Three Missouri-based companies—the utility KCP&L, the not-for-profit research center MRIGlobal and the engineering firm Exergonix Inc— have installed and are testing a new smart grid advanced lithium-ion (Li-ion) energy storage technology called a nano-battery cell in Kansas City.
KCP&L currently services more than 800,000 customers in 47 northwestern Missouri and eastern Kansas counties—a territory of about 18,000 square miles. Delivering that power requires 3,000 miles of transmission lines, over 24,000 miles of distribution lines and 320 substations. The full-service utility is considering the effectiveness of the nano-battery for managing energy on the electric grid.
Developed by Exergonix at its Lee’s Summit -based headquarters in the Kansas City metropolitan area, the patented one-megawatt (MW) lithium ion storage system, which integrates a high energy density battery and advanced electronic controls, is in its first live smart grid trial. It was installed this past summer at the KCP&L SmartGrid Innovation Park in Kansas City, which is part of an educational effort to explain new technology in the urban core and to help consumers get smarter about energy. The battery will support KCP&L’s SmartGrid Demonstration Area, which encompasses the MRIGlobal facilities in Kansas City.
The battery stores solar energy produced in the SmartGrid Demonstration Area, and is used to support energy delivery during peak demand times of the day. KCP&L is working to install up to 180 kilowatts (kW) of solar energy throughout the SmartGrid Demonstration Area. Grid-tied solar panels will be integrated into leased rooftop spaces of schools, commercial buildings and neighborhood structures.
Over time, the utility expects increasing numbers of customers to use on-site, or distributed, generation to provide power. To date, KCP&L has partnered with a number of locations—including the University of Missouri-Kansas City, MRI Global, Blue Hills Community Center, and the City of Kansas City, Missouri— as solar sites in the SmartGrid Demonstration Area, and expects to add more.
“What KCP&L learns about the future of energy through the SmartGrid Demonstration Project, will not only benefit us, but will also benefit all of our customers as we learn new, more efficient ways to deliver electricity,” said Terry Bassham, KCP&L president and CEO. “This partnership with Exergonix and MRIGlobal to test new energy storage technologies is one component of this exciting project.”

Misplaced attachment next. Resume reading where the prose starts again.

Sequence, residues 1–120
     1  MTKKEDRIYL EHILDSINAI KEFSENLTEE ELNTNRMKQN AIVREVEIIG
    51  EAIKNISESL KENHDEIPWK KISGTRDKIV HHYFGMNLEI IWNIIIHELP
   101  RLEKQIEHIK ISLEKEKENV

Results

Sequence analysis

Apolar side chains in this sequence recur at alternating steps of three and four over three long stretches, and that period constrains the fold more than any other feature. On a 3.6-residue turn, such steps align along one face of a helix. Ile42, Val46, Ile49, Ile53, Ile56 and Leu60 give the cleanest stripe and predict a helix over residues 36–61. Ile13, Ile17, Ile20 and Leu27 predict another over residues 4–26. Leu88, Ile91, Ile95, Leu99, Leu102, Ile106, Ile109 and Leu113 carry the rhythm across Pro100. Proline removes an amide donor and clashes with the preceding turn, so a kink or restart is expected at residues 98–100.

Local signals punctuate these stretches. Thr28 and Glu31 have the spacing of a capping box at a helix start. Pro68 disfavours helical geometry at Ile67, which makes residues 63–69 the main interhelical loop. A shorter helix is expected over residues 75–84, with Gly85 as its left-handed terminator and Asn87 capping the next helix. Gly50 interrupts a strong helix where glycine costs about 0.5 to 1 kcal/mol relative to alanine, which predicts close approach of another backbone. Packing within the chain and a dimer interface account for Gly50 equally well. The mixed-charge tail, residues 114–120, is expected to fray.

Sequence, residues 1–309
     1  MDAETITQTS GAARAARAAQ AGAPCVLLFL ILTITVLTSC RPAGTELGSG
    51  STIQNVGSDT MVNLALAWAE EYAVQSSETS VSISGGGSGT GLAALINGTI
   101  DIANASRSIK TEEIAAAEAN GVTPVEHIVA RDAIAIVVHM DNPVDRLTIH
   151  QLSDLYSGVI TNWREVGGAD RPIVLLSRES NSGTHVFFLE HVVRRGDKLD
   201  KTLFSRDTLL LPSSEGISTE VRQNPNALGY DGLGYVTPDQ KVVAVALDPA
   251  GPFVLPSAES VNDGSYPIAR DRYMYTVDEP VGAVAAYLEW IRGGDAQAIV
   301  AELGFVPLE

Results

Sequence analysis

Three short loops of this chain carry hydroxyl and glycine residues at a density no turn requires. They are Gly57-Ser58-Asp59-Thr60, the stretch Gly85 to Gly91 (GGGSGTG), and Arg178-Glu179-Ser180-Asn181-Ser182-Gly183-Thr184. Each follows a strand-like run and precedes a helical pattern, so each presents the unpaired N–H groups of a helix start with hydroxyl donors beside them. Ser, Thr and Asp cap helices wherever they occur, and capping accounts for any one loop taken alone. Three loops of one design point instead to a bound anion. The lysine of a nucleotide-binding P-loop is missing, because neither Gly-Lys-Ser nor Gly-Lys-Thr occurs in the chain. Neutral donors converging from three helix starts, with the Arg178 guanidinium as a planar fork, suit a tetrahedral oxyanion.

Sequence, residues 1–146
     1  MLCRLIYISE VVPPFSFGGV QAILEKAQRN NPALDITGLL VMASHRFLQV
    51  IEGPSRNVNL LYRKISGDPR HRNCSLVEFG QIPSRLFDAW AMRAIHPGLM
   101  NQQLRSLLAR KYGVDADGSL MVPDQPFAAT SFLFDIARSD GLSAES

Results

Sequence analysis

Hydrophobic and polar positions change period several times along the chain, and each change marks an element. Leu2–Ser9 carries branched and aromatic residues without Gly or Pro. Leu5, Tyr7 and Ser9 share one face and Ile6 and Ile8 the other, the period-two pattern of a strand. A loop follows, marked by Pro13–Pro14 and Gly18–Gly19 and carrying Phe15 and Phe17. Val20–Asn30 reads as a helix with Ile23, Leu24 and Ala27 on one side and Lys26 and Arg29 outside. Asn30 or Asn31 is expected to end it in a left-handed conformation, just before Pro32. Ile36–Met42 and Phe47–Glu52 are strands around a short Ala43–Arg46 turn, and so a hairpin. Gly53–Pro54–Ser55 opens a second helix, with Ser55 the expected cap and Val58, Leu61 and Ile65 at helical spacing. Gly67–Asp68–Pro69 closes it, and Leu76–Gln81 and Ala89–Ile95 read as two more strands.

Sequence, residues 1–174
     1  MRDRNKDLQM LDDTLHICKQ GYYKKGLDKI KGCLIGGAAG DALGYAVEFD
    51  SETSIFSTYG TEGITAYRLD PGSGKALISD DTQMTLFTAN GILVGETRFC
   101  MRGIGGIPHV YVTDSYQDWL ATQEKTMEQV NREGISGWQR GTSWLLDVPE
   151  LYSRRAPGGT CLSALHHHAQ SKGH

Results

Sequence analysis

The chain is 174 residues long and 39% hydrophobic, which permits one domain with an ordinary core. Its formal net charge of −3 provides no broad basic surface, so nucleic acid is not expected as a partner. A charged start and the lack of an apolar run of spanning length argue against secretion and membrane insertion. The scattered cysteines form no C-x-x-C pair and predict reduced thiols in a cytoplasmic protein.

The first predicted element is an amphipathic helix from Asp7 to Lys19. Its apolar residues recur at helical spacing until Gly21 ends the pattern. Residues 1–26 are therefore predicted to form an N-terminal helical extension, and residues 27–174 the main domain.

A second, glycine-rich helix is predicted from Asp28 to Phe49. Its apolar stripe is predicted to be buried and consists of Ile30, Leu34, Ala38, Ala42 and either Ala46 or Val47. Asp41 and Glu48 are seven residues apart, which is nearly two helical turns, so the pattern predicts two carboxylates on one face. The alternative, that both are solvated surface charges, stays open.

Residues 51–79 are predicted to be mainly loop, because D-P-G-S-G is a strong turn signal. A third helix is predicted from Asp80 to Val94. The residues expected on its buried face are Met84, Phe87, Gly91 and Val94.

“This is a wonderful opportunity for Kansas City and a great achievement for all the partners involved in the Green Impact Zone,” said Don Nissanka, president and CEO, Exergonix. “It has been a wonderful experience, as we learned the benefits of tying energy storage to a renewable power equation. The benefits include peak power shaving, demand management, microgrid operations and power quality assistance.”
MRIGlobal is supporting the trial by conducting independent tests and analyses on the environmental and economic performance of the battery, as well as the technical operations, durability, and reliability of the system. The research facility has significant expertise in energy; including solar and wind energy and other sustainable sources, such as algae and biomass. MRIGlobal has managed and operated the National Renewable Energy Laboratory for the U.S. Department of Energy since its inception in 1977.
“One of the final challenges to delivery of sustainable energy solutions is the issue of energy storage,” said Michael F. Helmstetter, president and CEO of MRIGlobal. “We see tremendous potential in this new technology for storing electrical energy and we are delighted to participate in this historic trial.”
Edited by Rachel Ramsey